The last section of the book shifts to the application of the tools to each phase of trial, from jury selection to closing argument. The authors provide clear examples that effectively illustrate the points they are making. Every skill chapter presents new ideas for witness preparation and story development and ends with a checklist for application. The authors provide and explain several useful charts for organizing information discovered through re-enactment. While this section is meant to be read as a whole, each chapter stands alone and can easily be referred to when preparing for trial.
Of the many things I admire about this book, chief among them is how it shows us what we miss when we don’t use the tools of psychodrama and how the use of psychodrama brings the jury into the action, as if they had been there when it occurred. Clients come to us because something significant has happened to them. It might be that they have been in an accident, or they are charged with a crime. Whatever brings them to our office is a meaningful experience in that client’s life. The authors show us how to re-enact this event so that we have a shared experience with our clients; we hear, see and feel their stories. The use of psychodrama helps the client educate his lawyer about what happened to him, how it has affected his life, and perhaps more importantly, who he is. At the same time, re-enacting the client’s episode enhances our ability to share the client’s story in the courtroom in a much more powerful, human and effective way.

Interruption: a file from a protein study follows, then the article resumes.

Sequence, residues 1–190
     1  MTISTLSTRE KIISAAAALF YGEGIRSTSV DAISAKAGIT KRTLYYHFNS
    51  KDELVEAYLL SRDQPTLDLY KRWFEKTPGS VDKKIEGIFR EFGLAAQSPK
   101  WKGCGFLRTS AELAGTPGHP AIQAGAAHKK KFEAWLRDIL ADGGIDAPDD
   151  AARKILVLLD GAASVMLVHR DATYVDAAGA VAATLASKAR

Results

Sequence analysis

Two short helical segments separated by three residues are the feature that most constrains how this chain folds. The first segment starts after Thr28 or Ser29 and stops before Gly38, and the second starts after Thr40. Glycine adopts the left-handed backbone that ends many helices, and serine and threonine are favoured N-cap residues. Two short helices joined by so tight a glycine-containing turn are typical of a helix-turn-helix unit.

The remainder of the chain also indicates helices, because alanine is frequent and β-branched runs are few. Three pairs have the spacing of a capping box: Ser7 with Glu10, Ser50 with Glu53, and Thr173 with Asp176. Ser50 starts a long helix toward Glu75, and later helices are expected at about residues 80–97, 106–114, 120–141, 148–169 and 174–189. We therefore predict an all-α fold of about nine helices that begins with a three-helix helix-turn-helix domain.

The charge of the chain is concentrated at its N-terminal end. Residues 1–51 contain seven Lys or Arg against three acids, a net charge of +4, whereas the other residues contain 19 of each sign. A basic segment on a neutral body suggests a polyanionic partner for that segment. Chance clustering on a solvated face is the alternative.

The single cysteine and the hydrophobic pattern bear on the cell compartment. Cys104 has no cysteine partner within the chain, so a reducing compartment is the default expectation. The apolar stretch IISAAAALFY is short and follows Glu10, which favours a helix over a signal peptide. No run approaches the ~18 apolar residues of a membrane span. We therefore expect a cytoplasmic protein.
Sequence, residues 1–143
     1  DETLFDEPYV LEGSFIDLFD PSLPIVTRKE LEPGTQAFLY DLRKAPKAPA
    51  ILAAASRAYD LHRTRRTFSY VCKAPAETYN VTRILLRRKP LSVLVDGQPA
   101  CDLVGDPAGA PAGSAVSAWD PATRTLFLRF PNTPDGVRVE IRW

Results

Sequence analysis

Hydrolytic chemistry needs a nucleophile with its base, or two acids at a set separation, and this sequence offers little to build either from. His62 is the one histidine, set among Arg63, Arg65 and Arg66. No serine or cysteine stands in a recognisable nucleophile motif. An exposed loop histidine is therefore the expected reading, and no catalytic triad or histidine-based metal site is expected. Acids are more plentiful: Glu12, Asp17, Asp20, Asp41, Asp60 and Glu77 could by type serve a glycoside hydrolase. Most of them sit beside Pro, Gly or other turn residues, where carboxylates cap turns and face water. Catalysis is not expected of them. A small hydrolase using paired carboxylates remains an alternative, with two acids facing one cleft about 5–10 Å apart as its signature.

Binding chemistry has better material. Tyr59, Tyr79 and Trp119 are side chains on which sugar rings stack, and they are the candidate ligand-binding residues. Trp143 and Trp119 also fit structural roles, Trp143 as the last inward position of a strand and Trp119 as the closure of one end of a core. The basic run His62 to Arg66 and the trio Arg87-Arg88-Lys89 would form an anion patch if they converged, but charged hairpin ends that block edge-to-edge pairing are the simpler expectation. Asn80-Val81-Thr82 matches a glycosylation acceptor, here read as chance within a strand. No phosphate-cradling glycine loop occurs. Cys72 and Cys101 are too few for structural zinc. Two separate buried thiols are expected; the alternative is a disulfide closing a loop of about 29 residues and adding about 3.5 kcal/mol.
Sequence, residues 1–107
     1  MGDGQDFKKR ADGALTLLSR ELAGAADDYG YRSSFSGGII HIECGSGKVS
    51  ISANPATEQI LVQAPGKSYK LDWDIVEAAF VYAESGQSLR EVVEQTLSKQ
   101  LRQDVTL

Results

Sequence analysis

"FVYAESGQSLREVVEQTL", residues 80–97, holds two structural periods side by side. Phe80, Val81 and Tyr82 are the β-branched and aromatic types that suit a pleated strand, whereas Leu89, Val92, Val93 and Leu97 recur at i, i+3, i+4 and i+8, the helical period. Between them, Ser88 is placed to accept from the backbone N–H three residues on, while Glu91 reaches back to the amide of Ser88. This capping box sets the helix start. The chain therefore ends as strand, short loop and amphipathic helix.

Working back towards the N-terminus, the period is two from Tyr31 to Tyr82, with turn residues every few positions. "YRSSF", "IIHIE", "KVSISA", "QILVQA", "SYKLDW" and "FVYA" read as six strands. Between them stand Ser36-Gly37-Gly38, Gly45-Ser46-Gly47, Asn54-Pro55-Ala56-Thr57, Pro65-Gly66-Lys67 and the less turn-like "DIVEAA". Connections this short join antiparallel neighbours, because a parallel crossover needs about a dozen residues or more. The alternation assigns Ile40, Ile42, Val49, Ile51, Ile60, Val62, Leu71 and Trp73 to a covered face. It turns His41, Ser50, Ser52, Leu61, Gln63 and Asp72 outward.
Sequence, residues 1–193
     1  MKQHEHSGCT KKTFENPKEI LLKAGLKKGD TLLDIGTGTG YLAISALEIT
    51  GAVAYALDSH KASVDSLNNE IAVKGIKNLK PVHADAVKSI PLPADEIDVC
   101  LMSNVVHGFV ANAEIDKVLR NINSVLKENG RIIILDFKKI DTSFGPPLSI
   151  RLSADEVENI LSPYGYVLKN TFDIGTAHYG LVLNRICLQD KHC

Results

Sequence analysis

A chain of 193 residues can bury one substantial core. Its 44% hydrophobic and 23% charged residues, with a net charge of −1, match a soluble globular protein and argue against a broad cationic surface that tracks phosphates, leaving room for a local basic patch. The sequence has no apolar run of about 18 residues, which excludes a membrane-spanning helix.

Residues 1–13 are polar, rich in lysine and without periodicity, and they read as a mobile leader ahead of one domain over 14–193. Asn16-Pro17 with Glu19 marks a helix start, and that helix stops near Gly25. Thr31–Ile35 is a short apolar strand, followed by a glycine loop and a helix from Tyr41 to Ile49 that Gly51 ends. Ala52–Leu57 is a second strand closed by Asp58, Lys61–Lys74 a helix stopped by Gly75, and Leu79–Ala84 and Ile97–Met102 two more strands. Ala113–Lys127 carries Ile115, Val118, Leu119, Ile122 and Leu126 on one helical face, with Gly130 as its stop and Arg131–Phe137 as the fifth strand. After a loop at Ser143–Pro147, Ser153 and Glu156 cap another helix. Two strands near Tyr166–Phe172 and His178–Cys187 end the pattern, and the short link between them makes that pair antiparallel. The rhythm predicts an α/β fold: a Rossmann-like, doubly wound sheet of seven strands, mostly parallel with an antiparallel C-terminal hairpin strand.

As most successful lawyers know, a trial is as much an art form as it is a test of facts. And some of us are more skilled than others are. It can often be difficult to understand and appreciate the emotional content of a client’s story. Lawyers have been trained to overlook or discount emotion. The authors show us the power of emotion and its importance in persuasion.
Trial in Action will help all trial lawyers with the difficult, more intangible skills we need to be successful, such as telling our clients’ story in "3D" so the jury hears, sees and feels it, performing in the courtroom, empathizing with our clients, and understanding witnesses, experts and opposing parties’ motivations. The book also teaches useful skills to more effectively prepare our cases and take them from intake to trial.
The authors point out that psychodrama is not a short cut or a recipe for success. It takes courage to go this route and immerse oneself in this method. Those lawyers who have achieved the greatest results in using this method have committed themselves to personal exploration and the development of skill in using the tools of psychodrama.
The techniques explored in this book will help the trial lawyer learn to embrace the importance of finding the universal truths in every case and communicating their client’s story more effectively to a jury. Not only is this book invaluable, but it is also an essential handbook for the practitioner’s bookshelf.
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Larry Lee has served on CTLA’s Board of Directors since 1994. He is a Diplomat of the National College of Advocacy (AAJ). Larry practices in Boulder, CO. CTLA will present him with the 2011 Outstanding Service to CTLA Award in May.
Trial Guides would also like to acknowledge Larry Lee as one of the company's first repeat customers, and one who was influential in spreading the word about the books and videos published by Trial Guides early in the company's history.